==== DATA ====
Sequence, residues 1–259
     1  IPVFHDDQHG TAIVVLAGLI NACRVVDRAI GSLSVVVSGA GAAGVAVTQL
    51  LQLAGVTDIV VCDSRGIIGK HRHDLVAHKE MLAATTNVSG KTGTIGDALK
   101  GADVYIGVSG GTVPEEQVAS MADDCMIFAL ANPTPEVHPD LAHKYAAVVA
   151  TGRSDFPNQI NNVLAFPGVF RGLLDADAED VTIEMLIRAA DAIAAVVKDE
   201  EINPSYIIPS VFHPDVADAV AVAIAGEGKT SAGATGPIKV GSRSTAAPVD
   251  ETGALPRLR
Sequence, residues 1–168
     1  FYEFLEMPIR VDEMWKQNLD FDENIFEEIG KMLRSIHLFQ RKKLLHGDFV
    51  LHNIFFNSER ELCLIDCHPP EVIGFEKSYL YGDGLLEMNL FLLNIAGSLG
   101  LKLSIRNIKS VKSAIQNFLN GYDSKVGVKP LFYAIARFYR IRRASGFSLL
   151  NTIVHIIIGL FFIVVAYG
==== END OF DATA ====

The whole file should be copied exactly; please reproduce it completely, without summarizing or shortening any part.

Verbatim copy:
Sequence, residues 1–259
     1  IPVFHDDQHG TAIVVLAGLI NACRVVDRAI GSLSVVVSGA GAAGVAVTQL
    51  LQLAGVTDIV VCDSRGIIGK HRHDLVAHKE MLAATTNVSG KTGTIGDALK
   101  GADVYIGVSG GTVPEEQVAS MADDCMIFAL ANPTPEVHPD LAHKYAAVVA
   151  TGRSDFPNQI NNVLAFPGVF RGLLDADAED VTIEMLIRAA DAIAAVVKDE
   201  EINPSYIIPS VFHPDVADAV AVAIAGEGKT SAGATGPIKV GSRSTAAPVD
   251  ETGALPRLR
Sequence, residues 1–168
     1  FYEFLEMPIR VDEMWKQNLD FDENIFEEIG KMLRSIHLFQ RKKLLHGDFV
    51  LHNIFFNSER ELCLIDCHPP EVIGFEKSYL YGDGLLEMNL FLLNIAGSLG
   101  LKLSIRNIKS VKSAIQNFLN GYDSKVGVKP LFYAIARFYR IRRASGFSLL
   151  NTIVHIIIGL FFIVVAYG